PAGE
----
200 farm women have called on authorities to ban hazardous pesticides frequently used on farms affecting their health. The protestors from the Cape Winelands marched in Worcester on Thursday and also requested authorities to hold farmers accountable when they break labour regulations.
In the memo, the Women on Farms Project (WFP) asked the Department of Employment and Labour received and signed by Karen Fuller to
- Ban 67 hazardous pesticides already banned in the European Union;
- Reform and update outdated legislation governing pesticides in South Africa;
- Enforce existing legislation and regulations to protect farmworkers from exposure to pesticides through farm inspections; and
- Hold farmers accountable when they break labour regulations.
Denile Samuel, the labour rights coordinator at the WFP, said that farm women have been complaining that farmers are not complying with regulations on protective clothing, are sending workers into the vineyards too soon after spraying pesticides, and are not giving them support when they get sick from pesticide exposure. “For farmers, it’s about profit,” said Samuel.
Samuel said that the campaign started in 2017 when WFP researched pesticides and their impact on women farmworkers. A total of 73% of women farmworkers interviewed said that they did not receive protective clothes from the farmer when working in vineyards sprayed with pesticides.
In 2019 women from WFP marched to Parliament in Cape Town to call for the ban of the 67 pesticides. But further engagements with labour Minister Thulas Nxesi and Western Cape Chief Inspector David Esau were prevented due to the Covid lockdown.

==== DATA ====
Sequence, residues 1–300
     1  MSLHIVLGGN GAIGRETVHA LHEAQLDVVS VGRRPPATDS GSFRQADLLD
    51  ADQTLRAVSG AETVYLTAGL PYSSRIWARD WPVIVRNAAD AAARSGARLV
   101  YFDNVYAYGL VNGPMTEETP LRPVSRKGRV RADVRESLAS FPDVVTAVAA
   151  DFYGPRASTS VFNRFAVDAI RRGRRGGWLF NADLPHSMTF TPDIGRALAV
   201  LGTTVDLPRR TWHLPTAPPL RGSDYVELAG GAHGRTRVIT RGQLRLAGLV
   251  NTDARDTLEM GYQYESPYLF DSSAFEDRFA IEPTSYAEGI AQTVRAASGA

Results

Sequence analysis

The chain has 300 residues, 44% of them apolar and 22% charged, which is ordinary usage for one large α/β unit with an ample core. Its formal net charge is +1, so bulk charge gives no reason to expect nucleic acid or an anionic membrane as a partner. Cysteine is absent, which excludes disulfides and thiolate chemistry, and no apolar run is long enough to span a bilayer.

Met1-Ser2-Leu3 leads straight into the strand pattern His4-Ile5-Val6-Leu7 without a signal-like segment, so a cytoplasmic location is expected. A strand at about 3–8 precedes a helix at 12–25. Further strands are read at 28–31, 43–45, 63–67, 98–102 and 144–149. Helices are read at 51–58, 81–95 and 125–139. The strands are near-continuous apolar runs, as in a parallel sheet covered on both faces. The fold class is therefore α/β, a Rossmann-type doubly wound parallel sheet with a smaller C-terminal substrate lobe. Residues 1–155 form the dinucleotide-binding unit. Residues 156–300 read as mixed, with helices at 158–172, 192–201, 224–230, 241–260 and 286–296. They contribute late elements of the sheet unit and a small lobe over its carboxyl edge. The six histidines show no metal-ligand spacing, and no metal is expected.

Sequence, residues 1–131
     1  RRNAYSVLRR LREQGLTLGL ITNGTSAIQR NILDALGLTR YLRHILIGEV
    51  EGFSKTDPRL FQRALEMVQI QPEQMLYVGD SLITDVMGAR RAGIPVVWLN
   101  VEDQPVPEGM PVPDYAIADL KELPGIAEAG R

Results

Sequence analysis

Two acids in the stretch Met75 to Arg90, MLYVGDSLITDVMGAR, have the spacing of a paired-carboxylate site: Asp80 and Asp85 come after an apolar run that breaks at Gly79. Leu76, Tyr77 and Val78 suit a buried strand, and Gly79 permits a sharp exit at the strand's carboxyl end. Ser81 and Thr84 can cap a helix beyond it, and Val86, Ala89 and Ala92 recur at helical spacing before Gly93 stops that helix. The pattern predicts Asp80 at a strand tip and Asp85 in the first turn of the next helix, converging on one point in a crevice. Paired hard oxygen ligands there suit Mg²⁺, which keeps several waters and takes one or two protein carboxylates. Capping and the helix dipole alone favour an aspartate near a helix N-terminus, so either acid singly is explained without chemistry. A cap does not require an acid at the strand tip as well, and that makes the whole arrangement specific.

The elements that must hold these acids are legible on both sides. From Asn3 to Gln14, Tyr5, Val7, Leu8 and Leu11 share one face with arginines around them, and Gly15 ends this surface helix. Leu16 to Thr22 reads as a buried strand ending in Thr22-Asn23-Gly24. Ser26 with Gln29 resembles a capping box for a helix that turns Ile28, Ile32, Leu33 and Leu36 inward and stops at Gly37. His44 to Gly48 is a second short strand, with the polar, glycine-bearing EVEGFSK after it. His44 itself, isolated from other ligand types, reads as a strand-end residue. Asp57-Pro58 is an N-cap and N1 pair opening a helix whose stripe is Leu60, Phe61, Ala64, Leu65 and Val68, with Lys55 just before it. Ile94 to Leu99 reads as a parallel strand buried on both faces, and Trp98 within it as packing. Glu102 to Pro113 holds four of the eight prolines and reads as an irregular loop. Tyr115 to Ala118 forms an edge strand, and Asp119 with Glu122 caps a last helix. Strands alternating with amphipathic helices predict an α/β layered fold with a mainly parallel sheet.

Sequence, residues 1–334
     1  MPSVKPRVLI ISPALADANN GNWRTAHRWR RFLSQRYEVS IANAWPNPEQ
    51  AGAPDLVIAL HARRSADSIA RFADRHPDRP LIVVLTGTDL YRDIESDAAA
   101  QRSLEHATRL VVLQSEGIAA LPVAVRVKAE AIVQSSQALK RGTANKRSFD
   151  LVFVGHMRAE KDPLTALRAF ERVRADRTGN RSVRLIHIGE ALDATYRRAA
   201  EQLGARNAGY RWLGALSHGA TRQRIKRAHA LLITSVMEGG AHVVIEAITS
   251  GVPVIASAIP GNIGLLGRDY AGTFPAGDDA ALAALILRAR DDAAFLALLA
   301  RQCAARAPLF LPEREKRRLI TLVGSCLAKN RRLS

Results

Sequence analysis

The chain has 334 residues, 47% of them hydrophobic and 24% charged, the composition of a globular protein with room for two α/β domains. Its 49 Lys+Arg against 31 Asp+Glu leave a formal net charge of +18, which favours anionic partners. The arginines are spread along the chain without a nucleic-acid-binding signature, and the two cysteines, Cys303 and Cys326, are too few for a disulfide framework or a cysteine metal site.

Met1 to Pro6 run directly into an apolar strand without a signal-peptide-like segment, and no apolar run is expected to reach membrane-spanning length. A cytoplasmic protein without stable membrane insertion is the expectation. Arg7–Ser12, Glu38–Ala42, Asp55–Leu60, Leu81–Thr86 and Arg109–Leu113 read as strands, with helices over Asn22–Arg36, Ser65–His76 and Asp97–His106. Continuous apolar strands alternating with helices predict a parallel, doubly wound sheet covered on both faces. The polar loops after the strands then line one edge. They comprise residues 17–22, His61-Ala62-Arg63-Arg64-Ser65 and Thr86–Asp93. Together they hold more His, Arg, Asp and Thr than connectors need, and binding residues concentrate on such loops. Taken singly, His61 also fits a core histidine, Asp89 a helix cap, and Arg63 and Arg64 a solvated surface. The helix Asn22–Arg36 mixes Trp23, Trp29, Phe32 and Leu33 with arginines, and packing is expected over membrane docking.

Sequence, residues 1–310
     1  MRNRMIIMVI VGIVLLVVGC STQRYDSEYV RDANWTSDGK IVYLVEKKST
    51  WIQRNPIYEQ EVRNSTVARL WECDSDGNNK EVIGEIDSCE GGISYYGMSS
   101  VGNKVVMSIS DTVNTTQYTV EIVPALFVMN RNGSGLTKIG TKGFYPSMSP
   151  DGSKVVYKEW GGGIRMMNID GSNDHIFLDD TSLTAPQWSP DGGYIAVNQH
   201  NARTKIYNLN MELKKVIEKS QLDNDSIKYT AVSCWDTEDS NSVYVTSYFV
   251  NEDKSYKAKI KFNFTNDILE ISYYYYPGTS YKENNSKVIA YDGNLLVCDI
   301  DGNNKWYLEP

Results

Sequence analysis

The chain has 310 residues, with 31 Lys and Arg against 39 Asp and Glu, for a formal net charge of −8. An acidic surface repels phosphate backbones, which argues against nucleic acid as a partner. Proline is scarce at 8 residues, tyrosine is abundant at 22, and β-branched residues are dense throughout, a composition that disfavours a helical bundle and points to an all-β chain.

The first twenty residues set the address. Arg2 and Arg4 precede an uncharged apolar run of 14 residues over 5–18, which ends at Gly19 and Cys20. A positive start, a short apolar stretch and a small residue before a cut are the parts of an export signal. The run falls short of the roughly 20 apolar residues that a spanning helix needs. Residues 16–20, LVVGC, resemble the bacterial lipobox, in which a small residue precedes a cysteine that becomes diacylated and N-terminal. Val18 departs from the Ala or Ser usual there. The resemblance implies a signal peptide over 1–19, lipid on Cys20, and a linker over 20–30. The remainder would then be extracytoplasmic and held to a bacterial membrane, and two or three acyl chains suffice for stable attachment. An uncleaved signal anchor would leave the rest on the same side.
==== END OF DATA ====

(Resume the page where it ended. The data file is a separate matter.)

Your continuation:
Now WFP wants the meetings to start to discuss the banning of harmful pesticides and the enforcement of labour regulations on farms.
“We also want a toll-free number so that workers will be able to file their complaints,” said Samuel.
Legislation that guides the safety of farmworkers currently is the Occupational Health and Safety Act 85, and about pesticides specifically, the Regulations for Hazardous Chemical Substances. These regulations dictate “the need for personal protective equipment, including respiratory protective equipment” and also the duty of the employers to send a worker for a health evaluation if they are exposed to pesticides.
Christina April, who lives on a farm in Wellington, said that children who live in houses on farms are also exposed to pesticides when they play in the vineyards.
“Many people are getting sick on farms from working on vineyards with pesticides,” said April. She said that farmers often don’t support farm women financially when they need to go to clinics after being exposed to pesticides. “Many people don’t have protective clothing or masks to wear,” she said.
Dina Ndleleni, a farmworker from De Doorns, said that she got ill from pesticide exposure. “I was very sick,” she said. Two members from WFP accompanied her to the doctor and then to the hospital where she was diagnosed with asthma.
David Esau, the Department of Labour’s chief Western Cape Inspector, told GroundUp: “The matters raised in the memorandum have been referred to the national Chief Inspector. The department is prepared to meet with Women on Farms so that we can work together to prepare a program that will look into the health and safety of the workers on the farms with regards to the use of pesticides.”
Andrea Campher, Risk and Disaster Manager at AgriSA, said farmers must ensure that their workers are safe, wearing the necessary protective clothing and following the directions and warnings on the labels of the pesticides. Pesticide use should not be to the detriment of the health of workers or the environment, she said.
She said the Fertilisers, Farm Feeds, Seeds and Remedies Act registered pesticides and allowed for precautions against pesticides.
She said it would be difficult to ban pesticides completely because of the impact on farming. “Green” options should be considered but might take a long time to come onto the market, said Campher.